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Thursday, 18 October 1973
Page: 2345


Dr J F CAIRNS - As everyone knows, their shareholders have no influence at all over them. They are run by professional managers in the interests of the corporations, and very often they are run in the interests of the corporations very well indeed.


Mr McMahon - They are mutual funds.


Dr J F CAIRNS - Those are deceptive words. These corporations show no participation by the citizens of this country in their operations. They are run by professionals - competently run - as large business organisations.


Mr Lynch - Do you want to put a squeeze on them, or something?


Dr J F CAIRNS - We believe that in this field there ought to be a little competition with these enormous corporations which have such complete control over such a vast amount of funds. That is not free enterprise. It is not private enterprise. But that is what honourable gentlemen opposite stand for. I am afraid that they are the spokesmen for large monopolistic organisations that are the very antithesis of the principle of liberalism.

There is no purpose, in this Bill or by this Government, of introducing any kind of an alternative; but we believe that the people of Australia through this Parliament should have a little more say in what is going on in the allocation of resources. In relation to these particular funds, where does the money go? It goes predominantly into building up the urban centres, building up skyscrapers - those massive structures of steel and concrete that are being built long ahead of the need. Thousands of square feet of office space that has been made available is not being used and is not likely to be used. It is well beyond the need. Yet, in the housing sector, for which members of the Opposition say they have some sympathy, and do have some sympathy, but which in practice they will not do the things necessary to shift resources into-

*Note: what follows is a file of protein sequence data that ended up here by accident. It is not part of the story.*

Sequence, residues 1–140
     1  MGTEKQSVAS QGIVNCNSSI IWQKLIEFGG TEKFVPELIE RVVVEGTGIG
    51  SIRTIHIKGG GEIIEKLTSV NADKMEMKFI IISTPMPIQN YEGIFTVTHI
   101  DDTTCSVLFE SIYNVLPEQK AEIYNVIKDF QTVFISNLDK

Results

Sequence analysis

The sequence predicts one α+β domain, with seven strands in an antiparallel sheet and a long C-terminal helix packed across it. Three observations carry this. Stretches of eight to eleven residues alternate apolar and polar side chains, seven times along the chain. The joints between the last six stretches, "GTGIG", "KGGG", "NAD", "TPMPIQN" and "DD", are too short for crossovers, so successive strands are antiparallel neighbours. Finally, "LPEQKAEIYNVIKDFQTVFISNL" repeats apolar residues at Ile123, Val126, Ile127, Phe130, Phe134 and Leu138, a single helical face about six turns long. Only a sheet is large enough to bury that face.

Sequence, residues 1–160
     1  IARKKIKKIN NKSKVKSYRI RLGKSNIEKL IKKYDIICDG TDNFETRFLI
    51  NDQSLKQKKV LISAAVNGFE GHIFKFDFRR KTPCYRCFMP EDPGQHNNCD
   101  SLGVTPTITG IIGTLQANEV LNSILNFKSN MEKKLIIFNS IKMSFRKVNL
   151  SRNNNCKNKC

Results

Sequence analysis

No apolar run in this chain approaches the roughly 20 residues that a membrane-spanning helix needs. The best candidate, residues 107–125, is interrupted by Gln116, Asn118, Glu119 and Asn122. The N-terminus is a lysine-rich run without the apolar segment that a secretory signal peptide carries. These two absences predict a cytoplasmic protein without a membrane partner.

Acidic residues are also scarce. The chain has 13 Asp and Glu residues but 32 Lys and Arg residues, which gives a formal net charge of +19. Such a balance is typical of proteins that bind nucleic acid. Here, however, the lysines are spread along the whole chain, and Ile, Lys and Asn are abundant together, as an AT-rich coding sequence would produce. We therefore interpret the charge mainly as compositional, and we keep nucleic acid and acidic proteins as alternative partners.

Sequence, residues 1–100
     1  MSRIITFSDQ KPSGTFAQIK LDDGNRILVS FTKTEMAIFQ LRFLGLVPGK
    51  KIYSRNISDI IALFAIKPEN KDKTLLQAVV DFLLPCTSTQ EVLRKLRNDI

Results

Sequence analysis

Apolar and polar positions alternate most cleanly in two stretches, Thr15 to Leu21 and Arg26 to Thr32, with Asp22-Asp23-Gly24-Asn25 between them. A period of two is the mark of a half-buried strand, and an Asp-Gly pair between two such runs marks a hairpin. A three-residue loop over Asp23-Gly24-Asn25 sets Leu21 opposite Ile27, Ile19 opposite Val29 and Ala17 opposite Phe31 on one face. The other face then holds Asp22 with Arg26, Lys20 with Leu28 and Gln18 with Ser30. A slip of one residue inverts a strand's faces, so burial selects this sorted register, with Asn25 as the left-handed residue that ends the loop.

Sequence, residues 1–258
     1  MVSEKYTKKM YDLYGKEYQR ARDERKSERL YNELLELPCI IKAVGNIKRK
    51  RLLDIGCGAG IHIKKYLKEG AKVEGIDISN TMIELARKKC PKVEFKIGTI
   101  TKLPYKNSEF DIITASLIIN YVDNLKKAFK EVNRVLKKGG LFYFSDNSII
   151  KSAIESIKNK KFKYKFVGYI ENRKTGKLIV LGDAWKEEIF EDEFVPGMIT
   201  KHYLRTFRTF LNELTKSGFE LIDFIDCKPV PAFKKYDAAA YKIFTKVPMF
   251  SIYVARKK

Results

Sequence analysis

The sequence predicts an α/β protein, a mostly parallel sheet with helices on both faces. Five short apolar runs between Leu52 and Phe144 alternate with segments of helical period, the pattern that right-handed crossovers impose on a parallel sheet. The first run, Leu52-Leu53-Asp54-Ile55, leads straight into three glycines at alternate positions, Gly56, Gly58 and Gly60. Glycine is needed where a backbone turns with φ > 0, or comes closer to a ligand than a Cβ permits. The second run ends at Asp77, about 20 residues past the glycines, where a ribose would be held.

Mr McMahon - But you are going to cut it down.


Dr J F CAIRNS - We are not.


Mr McMahon - The Treasurer said you are; and you will increase interest rates.


Dr J F CAIRNS - For a long time the right honourable gentleman supervised a Treasury that gave him exactly the same advice as it has given to us, which advice he accepted time and again.


Mr McMahon - What was that?


Dr J F CAIRNS - The argument that if there is surplus liquidity or surplus money in the community one way of getting it back is to increase the interest rate. I have heard the right honourable gentleman, when he was on this side of the House, time and again put forward that argument. It is insincere on his part now, merely because he finds himself in Opposition, to begin questioning something that he has accepted throughout the whole of his life since he first began to study economics at the University of Sydney some 35 years ago. I know how well the right honourable gentleman, who was Prime Minister of this country-


Mr McMahon - The Minister has his dates wrong. It was 25 years ago.







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